This is a guest post by Nate Vickery.
Startups are very fragile. In fact, they are so fragile that the vast majority of them doesn’t make it past year 2 or 3. There are innumerable reasons as to why this happens and among those reasons is that they often simply do not find enough customers to become financially viable. And when a startup has difficulties doing this, the support of investors also tends to weaken.
In today’s world, startups are just as likely to find customers online as they are offline. In fact, for many of them, the customers will almost exclusively exist and do business online. Some of them will not even exist outside the web.
As a result, it becomes quite obvious that a startup needs to be as visible as possible online if it is to survive and as we all know it, no one (or at least almost no one) is visible online without a bit of Search Engine Optimisation (SEO).
In short, a startup simply has to do SEO if it is to survive.
Start In Time
Perhaps the most useful advice that startup owners can get in regards to SEO is to start on time. If you already have a product, it is too late. If you already have a website, it is too late. Your SEO starts the same time your idea begins to percolate.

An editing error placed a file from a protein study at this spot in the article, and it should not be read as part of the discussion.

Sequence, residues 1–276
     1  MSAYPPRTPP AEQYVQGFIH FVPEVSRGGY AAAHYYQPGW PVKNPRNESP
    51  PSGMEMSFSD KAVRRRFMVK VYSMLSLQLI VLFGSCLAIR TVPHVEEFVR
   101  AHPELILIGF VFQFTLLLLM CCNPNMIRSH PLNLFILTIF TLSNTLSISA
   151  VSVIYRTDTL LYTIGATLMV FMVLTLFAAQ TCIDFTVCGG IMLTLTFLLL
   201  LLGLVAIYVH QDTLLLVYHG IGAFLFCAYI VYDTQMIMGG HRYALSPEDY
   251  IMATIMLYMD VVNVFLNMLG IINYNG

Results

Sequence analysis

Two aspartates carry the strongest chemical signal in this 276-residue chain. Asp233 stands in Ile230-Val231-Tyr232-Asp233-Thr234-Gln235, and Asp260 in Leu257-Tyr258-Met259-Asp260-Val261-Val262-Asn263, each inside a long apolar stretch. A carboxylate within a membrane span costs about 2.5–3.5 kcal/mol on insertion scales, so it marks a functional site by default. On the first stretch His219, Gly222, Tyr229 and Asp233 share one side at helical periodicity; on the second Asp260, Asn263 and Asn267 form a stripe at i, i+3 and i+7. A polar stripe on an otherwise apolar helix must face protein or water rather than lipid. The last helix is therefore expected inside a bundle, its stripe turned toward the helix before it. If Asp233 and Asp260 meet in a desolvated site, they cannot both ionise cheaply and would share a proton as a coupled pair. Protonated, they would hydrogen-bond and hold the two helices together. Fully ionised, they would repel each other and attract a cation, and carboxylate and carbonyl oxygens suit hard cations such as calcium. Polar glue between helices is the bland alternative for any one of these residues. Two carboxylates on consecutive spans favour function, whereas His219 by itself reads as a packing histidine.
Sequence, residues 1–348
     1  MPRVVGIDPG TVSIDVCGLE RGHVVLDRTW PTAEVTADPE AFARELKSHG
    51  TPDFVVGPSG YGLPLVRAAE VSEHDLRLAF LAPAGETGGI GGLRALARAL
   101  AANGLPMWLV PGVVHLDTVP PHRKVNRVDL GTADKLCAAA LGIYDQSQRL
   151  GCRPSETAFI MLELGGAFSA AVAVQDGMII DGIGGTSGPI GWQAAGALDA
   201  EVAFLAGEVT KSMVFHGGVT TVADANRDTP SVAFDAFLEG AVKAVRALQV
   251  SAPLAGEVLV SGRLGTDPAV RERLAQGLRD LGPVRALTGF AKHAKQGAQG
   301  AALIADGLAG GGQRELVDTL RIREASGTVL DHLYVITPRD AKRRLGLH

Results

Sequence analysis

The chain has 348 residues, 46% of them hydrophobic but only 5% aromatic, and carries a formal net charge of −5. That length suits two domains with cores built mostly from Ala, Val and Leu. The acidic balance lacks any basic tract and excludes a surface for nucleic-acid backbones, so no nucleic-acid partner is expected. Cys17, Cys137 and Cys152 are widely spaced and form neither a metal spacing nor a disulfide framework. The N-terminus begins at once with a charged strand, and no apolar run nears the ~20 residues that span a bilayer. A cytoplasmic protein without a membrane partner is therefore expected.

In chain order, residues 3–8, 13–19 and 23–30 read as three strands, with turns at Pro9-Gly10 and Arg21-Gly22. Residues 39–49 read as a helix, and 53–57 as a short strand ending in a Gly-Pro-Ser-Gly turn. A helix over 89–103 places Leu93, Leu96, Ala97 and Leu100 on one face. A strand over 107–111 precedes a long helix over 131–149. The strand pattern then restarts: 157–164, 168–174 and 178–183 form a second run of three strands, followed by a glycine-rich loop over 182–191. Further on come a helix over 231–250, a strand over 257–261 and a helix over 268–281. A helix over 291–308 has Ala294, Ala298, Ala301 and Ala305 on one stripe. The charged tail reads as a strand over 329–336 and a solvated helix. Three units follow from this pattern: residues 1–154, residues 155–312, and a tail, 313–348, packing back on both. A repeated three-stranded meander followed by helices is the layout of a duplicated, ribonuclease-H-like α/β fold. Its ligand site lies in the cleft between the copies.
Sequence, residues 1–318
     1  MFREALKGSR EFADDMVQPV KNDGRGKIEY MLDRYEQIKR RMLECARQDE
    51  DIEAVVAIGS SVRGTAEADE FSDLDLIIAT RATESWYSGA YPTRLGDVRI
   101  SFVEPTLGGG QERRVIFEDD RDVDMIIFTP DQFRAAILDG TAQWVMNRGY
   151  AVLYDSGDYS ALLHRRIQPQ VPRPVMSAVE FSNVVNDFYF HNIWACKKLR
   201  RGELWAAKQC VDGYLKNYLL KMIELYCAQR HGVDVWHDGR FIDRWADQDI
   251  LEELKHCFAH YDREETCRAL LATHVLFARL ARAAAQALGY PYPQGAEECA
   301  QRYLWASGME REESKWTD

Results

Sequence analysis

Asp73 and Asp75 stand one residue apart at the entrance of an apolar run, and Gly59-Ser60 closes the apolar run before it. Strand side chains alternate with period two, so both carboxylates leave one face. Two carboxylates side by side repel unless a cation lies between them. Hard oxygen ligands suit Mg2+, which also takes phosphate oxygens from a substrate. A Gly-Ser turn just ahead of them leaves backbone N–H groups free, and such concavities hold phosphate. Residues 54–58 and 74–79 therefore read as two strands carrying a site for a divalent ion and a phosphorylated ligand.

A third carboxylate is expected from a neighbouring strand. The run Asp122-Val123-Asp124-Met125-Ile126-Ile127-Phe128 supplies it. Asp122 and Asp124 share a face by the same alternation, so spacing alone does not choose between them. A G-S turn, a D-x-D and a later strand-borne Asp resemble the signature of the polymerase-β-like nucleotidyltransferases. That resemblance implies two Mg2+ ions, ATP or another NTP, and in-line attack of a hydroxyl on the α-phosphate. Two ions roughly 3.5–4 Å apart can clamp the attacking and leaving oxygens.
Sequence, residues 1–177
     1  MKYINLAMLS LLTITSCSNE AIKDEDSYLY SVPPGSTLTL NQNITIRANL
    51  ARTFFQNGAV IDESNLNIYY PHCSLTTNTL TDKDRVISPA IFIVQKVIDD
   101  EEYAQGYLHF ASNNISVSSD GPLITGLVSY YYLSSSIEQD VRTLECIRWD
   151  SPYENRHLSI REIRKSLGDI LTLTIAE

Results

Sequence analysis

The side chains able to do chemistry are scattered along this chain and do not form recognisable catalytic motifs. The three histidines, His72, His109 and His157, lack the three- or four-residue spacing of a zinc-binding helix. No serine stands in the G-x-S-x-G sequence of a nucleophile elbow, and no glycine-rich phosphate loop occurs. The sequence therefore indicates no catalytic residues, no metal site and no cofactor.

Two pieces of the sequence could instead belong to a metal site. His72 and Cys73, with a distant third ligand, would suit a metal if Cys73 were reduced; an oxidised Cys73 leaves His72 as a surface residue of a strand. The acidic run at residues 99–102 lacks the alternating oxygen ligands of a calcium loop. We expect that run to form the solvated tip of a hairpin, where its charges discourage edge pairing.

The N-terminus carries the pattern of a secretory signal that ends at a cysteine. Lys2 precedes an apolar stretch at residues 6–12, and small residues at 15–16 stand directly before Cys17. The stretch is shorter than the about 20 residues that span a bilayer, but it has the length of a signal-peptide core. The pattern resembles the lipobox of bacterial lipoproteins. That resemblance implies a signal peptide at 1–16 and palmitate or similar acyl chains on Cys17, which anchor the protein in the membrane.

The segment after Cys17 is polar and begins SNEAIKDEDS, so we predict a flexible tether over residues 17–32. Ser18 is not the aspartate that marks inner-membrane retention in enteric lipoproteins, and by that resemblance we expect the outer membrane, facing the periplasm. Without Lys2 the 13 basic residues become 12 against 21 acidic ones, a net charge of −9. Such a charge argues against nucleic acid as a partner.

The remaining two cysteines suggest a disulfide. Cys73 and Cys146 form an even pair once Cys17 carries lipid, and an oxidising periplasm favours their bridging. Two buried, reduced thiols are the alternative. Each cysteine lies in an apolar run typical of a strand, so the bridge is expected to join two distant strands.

Because of your startup’s name, the domain name that you will be purchasing and the keywords that you will be concentrating on as you build your SEO strategy.
First getting all of these and then coming up with an SEO strategy is the wrong way around. Your SEO strategy needs to happen at the same time as you are working on your idea.
Also, if you start in time, this will give you enough time to learn more about SEO and to understand what it is that you are trying to accomplish with it. It is a fluid, rapidly changing industry and if you miss a few months of it, it is as if you know nothing.
KissMetrics has assembled a fantastic list of sources to learn from, and while most of them are really useful, there are a few that really stand out:
- This video from the horse’s mouth does a great job of explaining how Google Search works and it is the perfect place to start
- Familiarising yourself with PageRank is also a must
- Quick Sprout’s and Moz’s guides to SEO are also great reads
- Google’s own SEO guide might be a few years old, but there are some serious insights there, too
- This is a great video about coming up with an SEO strategy
Pick Your Battles
One of the worst things that you can do with your SEO efforts is being unrealistic. This is something SEO experts always have to explain to their clients when they come over, dissatisfied with what they had achieved on their own and begging for help.